The final track, a never-before-heard live performance of the Smiths' "I Know It's Over," wraps the compilation in the mystery of Jeff Buckley's passing, what Mike Doughty calls in the liner notes his "effortless ability to become a myth, a legend." Where the Mystery White Boy live recording included "I Know It's Over" in medley with "Hallelujah," here that striking first lyric, the finest line that Morrissey ever wrote for Jeff Buckley, stands on its own and makes you catch your breath with the unfairness of it. Because the rest of the collection is a testament to his brilliance and range as an artist, performer, and songwriter, the ending hurts all the more ten years on. At least we have more to remember him by now than we did then.

Lyrics in Jeff Buckley originals and covers that presage his death by drowning: 

  • "This body will never be safe from harm" ("Mojo Pin")
  • "As their shoes fill up with water" ("Lover, You Should Have Come Over"
  • "Asleep in the sand with the ocean rushing over" ("Dream Brother")
  • "Just like the ocean, always in love with the moon/It's overflowing" ("Opened Once")
  • "Stay with me under these waves tonight" ("Nightmares by the Sea")
  • "Mother, I can feel the soil falling over my head" ("I Know It's Over")

Buckley fans are nothing if not opinionated. So Real comes close to meeting my high standards for a single-disc compilation, though there are a few changes I'd make — as a fan, I'll always want more rarities. What would your greatest hits of Jeff Buckley look like?

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About Timothy Jarrett

  • http://www.jarretthousenorth.com/ Tim Jarrett

    OK, so if there are no other best-of compilations, I’ll go first.

    Ground rules: keep to the same number of tracks, fourteen, as _So Real_.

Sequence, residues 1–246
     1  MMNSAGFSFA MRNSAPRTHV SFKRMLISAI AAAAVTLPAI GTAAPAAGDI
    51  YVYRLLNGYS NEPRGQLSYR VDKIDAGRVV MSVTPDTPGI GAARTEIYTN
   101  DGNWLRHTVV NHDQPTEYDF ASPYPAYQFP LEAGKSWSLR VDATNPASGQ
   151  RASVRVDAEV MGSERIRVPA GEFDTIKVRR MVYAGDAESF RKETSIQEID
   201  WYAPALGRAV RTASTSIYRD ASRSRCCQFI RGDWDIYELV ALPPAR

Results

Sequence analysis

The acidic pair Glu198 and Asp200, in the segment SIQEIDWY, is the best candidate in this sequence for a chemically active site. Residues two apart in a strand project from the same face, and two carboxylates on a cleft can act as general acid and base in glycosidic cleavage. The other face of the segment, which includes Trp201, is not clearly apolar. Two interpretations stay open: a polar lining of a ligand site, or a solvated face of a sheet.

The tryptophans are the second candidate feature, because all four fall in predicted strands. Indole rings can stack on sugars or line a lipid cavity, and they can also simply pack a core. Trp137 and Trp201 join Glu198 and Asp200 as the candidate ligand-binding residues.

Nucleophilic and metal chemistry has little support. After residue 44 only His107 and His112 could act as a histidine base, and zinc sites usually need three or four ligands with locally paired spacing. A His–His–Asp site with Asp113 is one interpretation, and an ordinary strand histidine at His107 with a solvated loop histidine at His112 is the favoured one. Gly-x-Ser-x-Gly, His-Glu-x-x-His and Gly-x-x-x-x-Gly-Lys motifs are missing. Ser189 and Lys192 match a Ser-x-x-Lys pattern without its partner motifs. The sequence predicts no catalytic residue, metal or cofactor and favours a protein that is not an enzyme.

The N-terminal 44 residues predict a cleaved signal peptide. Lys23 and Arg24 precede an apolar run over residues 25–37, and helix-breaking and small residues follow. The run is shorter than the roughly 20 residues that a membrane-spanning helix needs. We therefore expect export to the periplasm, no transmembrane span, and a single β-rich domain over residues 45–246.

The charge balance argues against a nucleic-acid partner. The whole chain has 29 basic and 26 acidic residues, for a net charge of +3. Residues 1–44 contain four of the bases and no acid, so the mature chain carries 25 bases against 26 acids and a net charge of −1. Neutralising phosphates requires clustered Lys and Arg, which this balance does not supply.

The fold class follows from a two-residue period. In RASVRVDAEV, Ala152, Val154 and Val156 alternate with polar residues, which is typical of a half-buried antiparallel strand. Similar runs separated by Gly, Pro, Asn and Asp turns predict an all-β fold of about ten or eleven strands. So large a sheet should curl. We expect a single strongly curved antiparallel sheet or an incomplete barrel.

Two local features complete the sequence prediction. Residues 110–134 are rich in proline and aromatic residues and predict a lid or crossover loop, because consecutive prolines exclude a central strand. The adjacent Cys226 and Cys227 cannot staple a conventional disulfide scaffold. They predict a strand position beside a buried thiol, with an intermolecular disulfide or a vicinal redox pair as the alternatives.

1. “Mojo Pin” (Live at Sin-E version)
    2. “Eternal Life” (Mystery White Boy version)
    3. “Last Goodbye” (album)
    4. “Opened Once” (album)
    5. “Woke Up in a Strange Place” (acoustic radio show version)
    6. “All Flowers (In Time Bend Toward the Sun)” (Jeff Buckley/Elizabeth Frazer version)
    7. “I Want Someone Badly” (with Shudder to Think)
    8. “I Never Asked To Be Your Mountain” (with Gary Lucas from the “Greetings from Tim Buckley” show–Jeff’s first big-scale public performance)
    9. “Forget Her”
    10.”Yeh Jo Halka Halka Saroor Hai”
    11. “Hallelujah”
    12. “Everybody Here Wants You”
    13. “Witches Rave”
    14. “Dream Brother”

  • JC Mosquito

    Jeff Buckley is an artist I rarely play – his music is so wonderful, I can take it only in small doses. Just last night I listened to Halelljah from Mystery White Boy and did what I always do – turned off the stereo & the electronics, put the guitars away, and went to bed. I know exactly what Oscar Peterson felt like the first time he heard Art Tatum – just give up – you’ll never even hope to come close to this.

    But in the morning I always feel better that such a talent walked the earth, if only for a short time. Greatest hits? Couldn’t even begin to pick one. His Arabic blues cover (can’t remember the artist’s name right now) from Sin E is pretty cool, though, as the aforementioned Hallelujah.

  • http://anotherclueforyouall.blogspot.com Marcelo Baeza Sequeira

    maybe his soul knows that his first album was finally the last and for this reasons he tried to put all the universe only in one hour.

    take a look of my review of Grace